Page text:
Severe outcome of children following trauma resulting from road accidents

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The aim of the study was to determine the risk factors of a severe outcome for children severely injured [killed or with an Injury Severity Score (ISS) ≥16] in a road accident.

Materials and methods

Casualties that occurred between 1996 and 2001 which involved children under 14 years of age were assessed in a population-based study based on data included in a French road trauma Registry. A severe traumatic brain injury (TBI) was defined as a head injury with an Abbreviated Injury Scale (AIS) severity score ≥3. A multivariate logistic regression was performed to quantify the risk of a “severe outcome” defined as death or an expected serious impairment 1 year later.


The annual incidence of an ISS of 16+ was 7.7 per 100,000 children. Among the 126 severely injured children included in this study, 40 died (including 16 immediate deaths), and a severe outcome was expected for 54 of the 86 survivors. Children with an “isolated severe TBI” and those with “multiple injuries including TBI” were more likely to have a severe outcome than those who had an “isolated severe injury without TBI” (OR: 7.91; 95%CI: 1.43-43.77 and OR: 8.37; 95%CI: 1.52-46.13, respectively). Age was inversely linked to a severe outcome. The unprotected motor vehicle occupants (MVO) had an odds ratio of 7.56 (95%CI: 1.07-53.56) compared to the protected MVO. Only 30% of children who survived a severe TBI were admitted to rehabilitation.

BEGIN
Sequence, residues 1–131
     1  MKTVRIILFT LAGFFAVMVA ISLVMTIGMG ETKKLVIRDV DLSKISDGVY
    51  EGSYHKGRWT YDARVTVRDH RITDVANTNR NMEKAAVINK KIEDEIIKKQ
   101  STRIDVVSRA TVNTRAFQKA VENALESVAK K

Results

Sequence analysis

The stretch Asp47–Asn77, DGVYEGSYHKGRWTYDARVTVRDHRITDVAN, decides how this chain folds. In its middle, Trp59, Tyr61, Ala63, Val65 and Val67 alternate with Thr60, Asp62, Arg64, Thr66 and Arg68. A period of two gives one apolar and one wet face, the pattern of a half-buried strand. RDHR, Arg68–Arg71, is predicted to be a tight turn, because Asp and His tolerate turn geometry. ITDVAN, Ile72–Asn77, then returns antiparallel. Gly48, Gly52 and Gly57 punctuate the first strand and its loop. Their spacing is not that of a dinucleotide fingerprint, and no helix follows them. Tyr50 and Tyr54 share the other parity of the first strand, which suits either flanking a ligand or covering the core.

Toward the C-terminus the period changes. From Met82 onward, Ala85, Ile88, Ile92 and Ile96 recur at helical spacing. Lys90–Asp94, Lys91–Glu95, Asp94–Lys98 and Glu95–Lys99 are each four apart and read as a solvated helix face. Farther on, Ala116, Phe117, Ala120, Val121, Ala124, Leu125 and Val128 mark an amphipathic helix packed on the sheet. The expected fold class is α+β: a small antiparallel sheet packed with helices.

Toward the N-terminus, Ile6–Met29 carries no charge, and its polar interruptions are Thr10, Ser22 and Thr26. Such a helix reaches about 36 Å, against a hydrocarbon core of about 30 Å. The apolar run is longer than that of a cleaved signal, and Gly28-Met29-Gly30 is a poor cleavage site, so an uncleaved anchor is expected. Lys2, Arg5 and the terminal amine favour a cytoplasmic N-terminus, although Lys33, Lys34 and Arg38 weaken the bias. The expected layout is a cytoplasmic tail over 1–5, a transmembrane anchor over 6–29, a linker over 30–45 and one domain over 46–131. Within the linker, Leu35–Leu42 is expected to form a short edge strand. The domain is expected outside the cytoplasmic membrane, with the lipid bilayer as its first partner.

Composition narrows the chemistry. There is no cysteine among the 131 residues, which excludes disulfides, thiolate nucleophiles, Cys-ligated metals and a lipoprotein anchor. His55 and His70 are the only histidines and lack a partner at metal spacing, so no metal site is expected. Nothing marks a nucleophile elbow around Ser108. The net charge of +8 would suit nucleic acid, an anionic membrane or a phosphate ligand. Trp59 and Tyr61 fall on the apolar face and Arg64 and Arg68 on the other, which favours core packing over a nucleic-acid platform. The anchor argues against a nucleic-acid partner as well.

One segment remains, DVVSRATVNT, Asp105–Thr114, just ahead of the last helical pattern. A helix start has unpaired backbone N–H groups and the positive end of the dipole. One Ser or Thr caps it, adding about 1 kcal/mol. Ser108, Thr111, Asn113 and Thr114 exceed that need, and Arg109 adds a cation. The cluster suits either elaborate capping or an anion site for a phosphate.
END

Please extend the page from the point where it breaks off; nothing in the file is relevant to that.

The mechanism of the injury, an injury pattern involving the head and a young age were associated with a severe outcome following a road accident. A majority of children severely injured were not referred to inpatient rehabilitation.

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